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Using MockPress to Test Your Plugin or Theme

johnbintz edited this page Sep 13, 2010 · 10 revisions

Unit testing a WordPress plugin or theme is best done when you can separate the majority of the plugin or theme into separate logical classes.

(Note: all examples below use PHPUnit for any example code)



MockPress is now available as a PEAR package:

pear upgrade -f

Once installed, include it in your test cases:


Directory Structure (PHPUnit-specific)

For simplicity’s sake, place all of your PHPUnit test files within a folder inside of your plugin directory called test, and have their filename end in Test.php:


You can then execute all of your plugin’s PHPUnit tests with one command:

cd /var/www/mysite/wp-content/myplugin/
phpunit test

Test Setup

In order to maintain the state of MockPress, a global variable, $wp_test_expectations, is populated and accessed by the MockPress functions. To ensure a clean WordPress environment on each test case run, in the setUp() method of the test case, call the _reset_wp() function:

class MyObjectTest extends PHPUnit_Framework_TestCase {
  function setUp() {


To make testing easier, objects should have no or very simple consturctors. If you find yourself writing a lot of setup code to handle class initialization, it’s probably better to move the initialization into a separate method that is called during the ‘init’ action hook, and then mock up any of the needed initialization parts in your test code:


class MyObject {
  var $variable_to_be_initialized;
  function __construct() {
    $this->variable_to_be_initialized = do_some_complex_thing();

$o = new MyObject();


class MyObject {
  var $variable_to_be_initialized;
  function __construct() {}

  function init() {
    $this->variable_to_be_initialized = do_some_complex_thing();

$o = new MyObject();
add_action('init', array(&$o, 'init'));

Testing $wpdb

$wpdb is the global variable that contains the connection to the WordPress database. If your plugin or theme needs direct access to the database, you’ll need to use a Mock Object to simulate the $wpdb object.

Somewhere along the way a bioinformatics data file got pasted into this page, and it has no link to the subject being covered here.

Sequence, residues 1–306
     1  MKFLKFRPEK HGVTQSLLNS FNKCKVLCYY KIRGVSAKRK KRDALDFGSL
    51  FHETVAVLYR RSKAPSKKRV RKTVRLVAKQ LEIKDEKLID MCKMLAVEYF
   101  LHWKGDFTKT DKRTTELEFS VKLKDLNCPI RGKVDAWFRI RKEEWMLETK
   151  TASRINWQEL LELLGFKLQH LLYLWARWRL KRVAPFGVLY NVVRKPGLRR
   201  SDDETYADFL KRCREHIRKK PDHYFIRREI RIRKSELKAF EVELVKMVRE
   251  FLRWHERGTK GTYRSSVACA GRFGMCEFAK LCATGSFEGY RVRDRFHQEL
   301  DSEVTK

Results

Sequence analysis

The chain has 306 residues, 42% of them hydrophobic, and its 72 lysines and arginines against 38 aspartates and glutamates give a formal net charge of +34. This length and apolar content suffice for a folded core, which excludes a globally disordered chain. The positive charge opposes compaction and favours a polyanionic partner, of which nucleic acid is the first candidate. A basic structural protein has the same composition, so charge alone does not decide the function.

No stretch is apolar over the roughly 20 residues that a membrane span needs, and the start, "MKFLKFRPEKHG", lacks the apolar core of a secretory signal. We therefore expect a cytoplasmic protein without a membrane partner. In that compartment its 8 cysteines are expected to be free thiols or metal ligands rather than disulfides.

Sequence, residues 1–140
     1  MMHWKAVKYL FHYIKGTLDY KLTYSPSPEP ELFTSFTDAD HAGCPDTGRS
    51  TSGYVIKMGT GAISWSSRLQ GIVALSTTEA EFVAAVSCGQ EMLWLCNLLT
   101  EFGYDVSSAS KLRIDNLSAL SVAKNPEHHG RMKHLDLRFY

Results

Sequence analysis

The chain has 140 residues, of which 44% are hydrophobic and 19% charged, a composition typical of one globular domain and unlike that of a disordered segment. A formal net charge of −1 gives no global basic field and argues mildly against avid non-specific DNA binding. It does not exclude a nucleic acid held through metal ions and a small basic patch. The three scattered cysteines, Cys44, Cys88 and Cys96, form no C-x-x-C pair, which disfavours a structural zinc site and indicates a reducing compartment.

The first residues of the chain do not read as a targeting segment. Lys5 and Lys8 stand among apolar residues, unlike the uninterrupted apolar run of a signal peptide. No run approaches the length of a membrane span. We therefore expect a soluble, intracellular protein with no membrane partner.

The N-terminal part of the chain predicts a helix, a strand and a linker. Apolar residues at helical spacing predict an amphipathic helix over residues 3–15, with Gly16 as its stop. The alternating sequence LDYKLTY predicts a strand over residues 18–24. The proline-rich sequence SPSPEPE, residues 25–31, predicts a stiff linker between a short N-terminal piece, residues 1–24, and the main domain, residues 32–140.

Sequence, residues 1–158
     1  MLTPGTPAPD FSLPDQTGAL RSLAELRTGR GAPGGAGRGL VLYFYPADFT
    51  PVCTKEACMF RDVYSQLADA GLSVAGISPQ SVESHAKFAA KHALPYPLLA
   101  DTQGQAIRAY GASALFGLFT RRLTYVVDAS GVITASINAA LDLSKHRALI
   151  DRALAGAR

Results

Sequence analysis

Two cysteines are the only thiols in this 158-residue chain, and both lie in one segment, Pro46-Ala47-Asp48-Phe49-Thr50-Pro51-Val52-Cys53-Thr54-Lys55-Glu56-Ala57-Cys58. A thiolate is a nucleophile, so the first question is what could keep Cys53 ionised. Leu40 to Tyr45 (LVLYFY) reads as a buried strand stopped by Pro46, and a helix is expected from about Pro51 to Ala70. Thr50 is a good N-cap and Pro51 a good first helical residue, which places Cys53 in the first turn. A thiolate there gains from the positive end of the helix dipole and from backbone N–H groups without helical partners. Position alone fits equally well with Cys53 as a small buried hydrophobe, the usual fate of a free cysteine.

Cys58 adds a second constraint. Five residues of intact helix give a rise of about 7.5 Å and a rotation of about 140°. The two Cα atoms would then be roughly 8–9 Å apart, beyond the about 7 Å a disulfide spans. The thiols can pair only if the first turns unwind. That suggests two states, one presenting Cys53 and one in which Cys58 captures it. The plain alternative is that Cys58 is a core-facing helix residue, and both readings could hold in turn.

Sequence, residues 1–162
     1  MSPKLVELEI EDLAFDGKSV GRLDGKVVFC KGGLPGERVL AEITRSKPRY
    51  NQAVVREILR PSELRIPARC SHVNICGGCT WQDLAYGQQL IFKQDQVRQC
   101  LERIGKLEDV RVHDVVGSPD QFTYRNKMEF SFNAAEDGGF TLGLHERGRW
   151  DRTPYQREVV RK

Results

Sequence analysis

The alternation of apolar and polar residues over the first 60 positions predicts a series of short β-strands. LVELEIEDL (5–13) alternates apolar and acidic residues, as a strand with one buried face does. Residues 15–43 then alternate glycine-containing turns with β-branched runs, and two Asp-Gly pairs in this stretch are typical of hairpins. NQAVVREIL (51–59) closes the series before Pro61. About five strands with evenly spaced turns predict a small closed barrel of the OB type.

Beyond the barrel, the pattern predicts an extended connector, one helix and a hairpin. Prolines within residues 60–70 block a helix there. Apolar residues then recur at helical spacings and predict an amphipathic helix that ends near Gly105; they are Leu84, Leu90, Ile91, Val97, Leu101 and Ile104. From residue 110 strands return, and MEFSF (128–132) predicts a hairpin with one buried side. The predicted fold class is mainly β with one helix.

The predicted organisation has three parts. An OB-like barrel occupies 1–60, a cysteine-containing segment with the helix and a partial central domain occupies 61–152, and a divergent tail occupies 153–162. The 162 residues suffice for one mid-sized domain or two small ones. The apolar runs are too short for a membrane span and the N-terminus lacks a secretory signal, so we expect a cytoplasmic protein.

class MyTableAccessorTest extends PHPUnit_Framework_TestCase {
  function setUp() {
    global $wpdb;
    unset($wpdb); // unsetting $wpdb ensures that your tests always create new mock objects for their use

  function testReadRows() {
    global $wpdb;

    $wpdb = $this->getMock('wpdb', array('get_var'));

    $mta = new MyTableAccessor();
    $this->assertEquals(1, $mta->get_status());

class MyTableAccessor {
  function get_status() {
    global $wpdb;

    return $wpdb->get_var('SELECT status from my_table');

WordPress Class Construction Strategies

  • Keep methods small. Have them perform only one action (create, read, update, delete) as best as you can.
  • In admin code, save testing the construction of user interfaces for acceptance testing, using Selenium or similar test harnesses to make sure the HTML/JS/CSS you’re producing is correct.
  • When handling user input, place as much of the update code into separate classes as you can. The code that handles user input should, ideally, be only passing that user input into methods on classes that do the actual changes to the WordPress database.

I really want to test XML/XHTML output for correctness. How do I use the XPath tests?

Use a structure like this:

$result = ob_get_clean();

$this->assertTrue(($xml = _to_xml($result, true)) !== false);

foreach (array(
  '//h2[@id="this-should-exist"]' => true,
  '//h3[@id="this-should-not-exist"]' => false,
  '//h4[@id="this-contains-something"]' => "what it contains"
) as $xpath => $value) {
  $this->assertTrue(_xpath_test($xpath, $value), $xpath);
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